| DeepStar Six


Sean S. Cunningham

USA, 1989


Review by Thomas Scalzo

Posted on 21 October 2013

Source International Video Entertainment VHS

Categories 31 Days of Horror X

Since the dawn of history, humans have been fascinated, and terrified, by the oceans. Early cartographers, fueled by tall tales, and a paucity of facts, populated many of the blank spaces on their maps with humongous and hideous sea creatures. For centuries, such seemingly benign decorations proved exceedingly powerful on our collective imagination, engendering a persistent belief that something horrible lay in wait in the bottomless depths. Even today, despite extraordinary advances in mapping and exploring the ocean floor, we still cannot claim to have uncovered all of the oceans secrets, or experienced all its horrific possibilities. Each Monday this month, we’ll dive into a tale of terror that plunges us far below the horrors of the surface world into the unfathomable fears of the deep.

Mired in the impenetrable darkness of the ocean floor, the crew of DeepStar Six is putting the finishing touches on an underwater missile site for the U.S. Navy. All that’s left is to take some soundings to ensure the chosen location is stable enough to support the base. Unfortunately, the reports indicate that the position isn’t stable, being directly above a deep cavern. Under pressure to complete the project within a week, the team simply doesn’t have time to shift the operation to another spot. And so, the decision is made: detonate some explosives, collapse the cavern, and build the site on the resultant rubble. It’s not a bad plan, except the cavern is home to an ancient, enormous, and angry arthropod that doesn’t take kindly to having its home destroyed.

Though often classed as a knock off of The Abyss, in many ways this effort by the director of Friday the 13th feels more like an underwater rehash of the first two Alien films: we have a cocky crew tasked with what they believe is a routine assignment; a vicious and unknown species hell bent on the destruction of foolish humans; and a confined environment from which no one can escape. Toss in some stock characters like a low-key captain, whiny crewmembers who grumble about everything they are asked to do, and a strong-and-silent-type hero, and it seems clear where Cunningham and company drew much of their inspiration. There’s even a breakfast table scene straight out of Alien to introduce us to the main players. And while this modestly budgeted affair can’t match the nuanced characterizations of Ridley Scott’s floating haunted house story or the richly immersive world of James Cameron’s elaborate action opus, it does a decent job establishing a believable, near-future world in which extensive undersea operations are the norm.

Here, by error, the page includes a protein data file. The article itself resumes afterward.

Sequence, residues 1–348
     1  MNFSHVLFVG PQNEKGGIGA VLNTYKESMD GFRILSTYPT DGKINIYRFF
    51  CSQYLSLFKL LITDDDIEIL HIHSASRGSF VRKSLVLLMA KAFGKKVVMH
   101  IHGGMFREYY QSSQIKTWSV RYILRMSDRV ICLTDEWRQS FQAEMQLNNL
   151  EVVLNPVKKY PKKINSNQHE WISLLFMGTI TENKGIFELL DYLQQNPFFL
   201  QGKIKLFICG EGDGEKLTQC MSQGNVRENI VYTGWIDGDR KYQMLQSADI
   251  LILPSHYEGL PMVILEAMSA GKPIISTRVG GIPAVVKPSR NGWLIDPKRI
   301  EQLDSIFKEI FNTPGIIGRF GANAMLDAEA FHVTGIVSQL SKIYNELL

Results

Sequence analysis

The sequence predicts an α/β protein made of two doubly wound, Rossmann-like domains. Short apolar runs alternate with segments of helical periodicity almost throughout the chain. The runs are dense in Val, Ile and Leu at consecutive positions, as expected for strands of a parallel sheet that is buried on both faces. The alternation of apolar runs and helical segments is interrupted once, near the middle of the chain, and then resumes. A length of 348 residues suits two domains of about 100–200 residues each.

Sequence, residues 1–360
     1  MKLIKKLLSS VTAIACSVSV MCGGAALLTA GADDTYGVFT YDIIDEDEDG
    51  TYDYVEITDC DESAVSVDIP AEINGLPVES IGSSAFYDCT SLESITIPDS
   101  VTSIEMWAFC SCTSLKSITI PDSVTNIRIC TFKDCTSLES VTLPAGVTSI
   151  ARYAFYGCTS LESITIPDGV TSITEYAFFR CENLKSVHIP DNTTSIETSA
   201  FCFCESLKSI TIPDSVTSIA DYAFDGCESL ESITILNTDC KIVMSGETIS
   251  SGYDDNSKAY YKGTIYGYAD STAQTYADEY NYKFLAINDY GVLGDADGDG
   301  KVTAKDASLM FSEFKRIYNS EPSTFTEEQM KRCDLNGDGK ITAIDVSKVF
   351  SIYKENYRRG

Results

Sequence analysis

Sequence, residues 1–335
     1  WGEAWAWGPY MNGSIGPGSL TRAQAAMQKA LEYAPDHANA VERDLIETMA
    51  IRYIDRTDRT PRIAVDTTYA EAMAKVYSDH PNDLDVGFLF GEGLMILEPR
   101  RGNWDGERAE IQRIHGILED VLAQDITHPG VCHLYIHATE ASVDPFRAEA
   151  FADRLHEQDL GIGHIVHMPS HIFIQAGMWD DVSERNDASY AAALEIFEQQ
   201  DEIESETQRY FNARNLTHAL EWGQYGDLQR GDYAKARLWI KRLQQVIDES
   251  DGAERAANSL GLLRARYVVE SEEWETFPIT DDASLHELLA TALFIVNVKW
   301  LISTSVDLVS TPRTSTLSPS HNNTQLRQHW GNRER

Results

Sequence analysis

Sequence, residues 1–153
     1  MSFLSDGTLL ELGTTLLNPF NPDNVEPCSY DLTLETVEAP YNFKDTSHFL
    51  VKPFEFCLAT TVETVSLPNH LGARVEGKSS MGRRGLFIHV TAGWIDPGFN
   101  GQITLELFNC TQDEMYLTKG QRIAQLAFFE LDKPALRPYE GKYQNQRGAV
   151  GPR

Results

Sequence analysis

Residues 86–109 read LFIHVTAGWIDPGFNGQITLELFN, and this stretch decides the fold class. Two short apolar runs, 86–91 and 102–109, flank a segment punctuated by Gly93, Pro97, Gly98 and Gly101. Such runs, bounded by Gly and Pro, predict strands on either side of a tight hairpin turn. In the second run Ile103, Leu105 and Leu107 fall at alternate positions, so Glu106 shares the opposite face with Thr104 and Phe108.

Where DeepStar Six comes up short, though, is in melding all those elements into a memorable story. Part of the problem is uninspired storytelling. Take the ostensible centerpiece of the film’s narrative: the mysterious cave and its unspecified denizens. When the first details of the elaborate underwater structure come in, science officer Scarpelli immediately states her desire to head up an exploration before any detonations occur. She digs up old reports referencing strange, monstrous sea creatures sighted in those very waters, and conjectures that the cavern could be home to ancient and unknown life forms. Despite the pressing demands of the missile site, I was sure Scarpelli was going to find a way to explore the cavern, and unwittingly drag her crew into a maelstrom of bloodthirsty-sea-beast horror action, à la Endless Descent. Sadly, when she brings her idea to the captain, he says no. To which she replies, “I still think it’s a big mistake.” And then, instead of defying orders, she goes the gym for some exercise. Pathetic.

Scarpelli’s acquiescence is just the tip of the uninspired characterization iceberg. No one here manages to stand out in any substantial way, as hero, villain, or even source of comic relief. Now, I’ll be the first to admit that low- or even medium-budget horror films often feature dreadful writing, with characters routinely drawn along very predictable and unimaginative lines. Yet, somehow, when such banality is paired with incompetent actors, the results are often hilarious, and endearing. Here, however, we have an experienced cast, including Miguel Ferrer, Tauren Blacque, and Nia Peeples, not to mention Marius Weyers from The Gods Must Be Crazy. Sure, they may not all be huge stars or household names, but everyone here knows what they are doing, and efficiently carry out their respective roles. Unfortunately, dull characters efficiently rendered are still dull characters. When coupled with a plot-heavy script laden with tedious, humorless dialogue, we’re stuck watching dull people talking about dull things.

And it’s truly a shame, because the initial story setup was very intriguing and loaded with potential: The isolated, claustrophobic, tension-filled underwater base, the timeless cavern hosting unknown terrors, the hunted crew desperately trying to find a way back to the surface… for the first half hour or so, I was engaged, anxiously awaiting the moment when the film would finally get moving. Sadly, it never happens. Despite a few minor flare-ups, the crew of the DeepStar Six crew gets along pretty well, the one loose cannon dispatched with little consequence to the rest of crew. The few insignificant glimpses we’re afforded of the cavern do little to deliver the heart-pounding exploration I was hoping for. No dark corridors are peered into; no ominous alien eggs are opened. Admittedly, the climatic battles with the giant aqua-monster are sort of fun, and the wide-mouthed worm monster is somewhat amusing. But there’s just not enough here to hold our interest. Despite a promising setup, DeepStar Six goes down as a missed opportunity.

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